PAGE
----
This is a group that is not particularly concerned about methodologies. They are happy to go along with any methodology and let others get on with whatever they choose. From a religious context, I equate this group to the believers of sort that kind of understand the basics, but is not particularly worried about the customs of the religion. They may go to the church or the mosque every so often, but not feel guilty if they have not. From a project management sense, these are people that are yet to develop an attachment to a particular methodology. Usually these people are new to the field and looking for the correct guidance. They are the group that can be converted to the practitioners easily.

The Non-believer

This is the group that feels little or no need for methodologies. From a religious context you can equate this group as atheists. From a project management perspective this is highly dangerous, and possibly do not see the value in investing in this discipline. The only thing you can guarantee with this approach is inconsistency. Making it up from the seat of your pants is not as exciting from a strategic view as it is sometimes from a technical view. Unfortunately, I have seen a few too many IT projects that fall into this category.

This was my attempt to parallel religion and project management. Have I been too generous or critical of any particular group here?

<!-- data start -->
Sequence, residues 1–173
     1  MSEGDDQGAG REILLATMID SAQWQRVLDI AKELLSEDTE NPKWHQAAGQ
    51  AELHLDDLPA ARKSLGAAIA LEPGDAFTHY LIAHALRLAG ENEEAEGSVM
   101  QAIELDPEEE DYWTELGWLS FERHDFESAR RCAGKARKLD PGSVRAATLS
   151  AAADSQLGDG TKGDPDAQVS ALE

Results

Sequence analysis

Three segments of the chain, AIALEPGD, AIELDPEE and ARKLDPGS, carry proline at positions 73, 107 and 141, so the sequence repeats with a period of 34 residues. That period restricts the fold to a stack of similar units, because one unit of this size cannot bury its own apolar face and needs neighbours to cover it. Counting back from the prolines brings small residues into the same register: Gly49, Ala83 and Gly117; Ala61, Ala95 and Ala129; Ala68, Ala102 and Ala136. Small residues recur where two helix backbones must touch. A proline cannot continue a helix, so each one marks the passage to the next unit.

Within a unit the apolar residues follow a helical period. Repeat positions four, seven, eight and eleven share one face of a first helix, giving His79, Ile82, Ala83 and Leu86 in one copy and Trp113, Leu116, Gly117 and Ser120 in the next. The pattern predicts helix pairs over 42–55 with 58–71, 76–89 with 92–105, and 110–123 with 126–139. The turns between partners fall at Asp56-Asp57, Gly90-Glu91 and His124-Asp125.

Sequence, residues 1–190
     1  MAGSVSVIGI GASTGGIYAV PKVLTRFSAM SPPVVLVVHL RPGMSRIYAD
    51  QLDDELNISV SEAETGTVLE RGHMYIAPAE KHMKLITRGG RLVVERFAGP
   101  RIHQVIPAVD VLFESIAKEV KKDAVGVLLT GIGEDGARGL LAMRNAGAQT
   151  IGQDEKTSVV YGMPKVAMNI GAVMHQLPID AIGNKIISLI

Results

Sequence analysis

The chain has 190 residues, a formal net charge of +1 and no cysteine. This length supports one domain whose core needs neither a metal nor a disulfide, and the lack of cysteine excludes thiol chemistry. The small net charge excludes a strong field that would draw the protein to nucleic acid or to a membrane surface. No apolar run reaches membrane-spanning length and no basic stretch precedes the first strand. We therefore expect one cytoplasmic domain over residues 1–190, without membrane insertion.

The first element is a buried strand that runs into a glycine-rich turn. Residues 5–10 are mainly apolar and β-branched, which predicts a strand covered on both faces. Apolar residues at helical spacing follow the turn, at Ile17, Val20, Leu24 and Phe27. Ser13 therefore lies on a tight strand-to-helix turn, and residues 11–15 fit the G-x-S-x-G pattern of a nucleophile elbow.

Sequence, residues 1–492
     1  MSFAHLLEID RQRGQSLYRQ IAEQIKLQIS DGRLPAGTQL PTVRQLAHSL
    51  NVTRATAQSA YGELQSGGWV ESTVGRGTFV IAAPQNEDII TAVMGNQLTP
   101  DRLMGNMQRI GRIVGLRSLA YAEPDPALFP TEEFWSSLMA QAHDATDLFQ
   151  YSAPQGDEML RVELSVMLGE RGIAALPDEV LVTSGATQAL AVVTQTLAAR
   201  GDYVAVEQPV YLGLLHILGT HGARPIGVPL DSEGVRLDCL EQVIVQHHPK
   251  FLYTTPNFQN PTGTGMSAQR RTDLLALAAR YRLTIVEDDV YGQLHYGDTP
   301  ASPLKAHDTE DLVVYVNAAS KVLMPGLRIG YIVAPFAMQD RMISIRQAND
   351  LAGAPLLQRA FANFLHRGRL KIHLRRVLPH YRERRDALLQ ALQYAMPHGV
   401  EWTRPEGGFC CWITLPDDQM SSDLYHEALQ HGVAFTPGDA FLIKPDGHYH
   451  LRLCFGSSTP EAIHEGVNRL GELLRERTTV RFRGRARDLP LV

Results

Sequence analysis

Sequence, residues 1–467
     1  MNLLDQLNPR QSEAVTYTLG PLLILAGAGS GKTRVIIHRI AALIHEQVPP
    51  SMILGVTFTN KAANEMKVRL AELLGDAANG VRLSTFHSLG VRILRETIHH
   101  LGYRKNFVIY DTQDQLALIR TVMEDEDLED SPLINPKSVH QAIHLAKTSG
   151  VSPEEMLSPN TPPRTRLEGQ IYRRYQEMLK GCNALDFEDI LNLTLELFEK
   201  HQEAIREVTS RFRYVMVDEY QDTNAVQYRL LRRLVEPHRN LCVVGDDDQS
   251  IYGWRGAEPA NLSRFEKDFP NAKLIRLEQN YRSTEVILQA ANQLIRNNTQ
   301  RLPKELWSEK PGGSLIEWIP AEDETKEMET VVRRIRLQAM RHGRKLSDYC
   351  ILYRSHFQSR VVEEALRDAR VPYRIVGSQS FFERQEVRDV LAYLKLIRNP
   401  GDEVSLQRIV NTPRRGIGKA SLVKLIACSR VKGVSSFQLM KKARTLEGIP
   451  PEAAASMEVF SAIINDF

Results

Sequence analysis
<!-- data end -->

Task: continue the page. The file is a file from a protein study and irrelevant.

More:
No offense to any religion is intended.

Image Credit: hannahgray24.wordpress.com

 

The peril of quality lapses


Having a week off between jobs has given me the chance to spend a bit more time looking at the world in general. One news that particularly came to my attention is the case of a simple spelling mistake that has caused plenty of red faces for the Republican US Presidential hopeful Mitt Romney.

This story shows all the hallmarks of leaving a developer to produce an application while little or no effort was given to ensuring the output was of a quality that would achieve the desired outcomes – rallying supporters. This is not something that will necessarily define Romney’s campaign to become the President. Neither did Romney make the mistake personally. His mistake was to hire staffers that were sloppy. In the days of spell checkers it is not a mistake that should get this far. Mistakes do happen, some more visible and embarrassing than others. On a week he has sealed the Republican nomination, he would have been looking to go after Barack Obama’s record as president. Instead, his staffers are left cleaning up after this gaffe.

The result of missing or ignoring some basic quality assurance measures can have significant adverse outcome. While this one was limited to some red faces, other instances can have severe consequences. Never assume quality is under control or someone else will ensure it. As project management professionals, it is our role to define acceptable quality criteria for the project outputs and set out processes that will achieve those.

Then again there are the likes of Kim Kardashians of this world who revel in adverse publicity … for her the quality criteria may be to ensure a big talking point!

Image Credit: CNN

%d bloggers like this: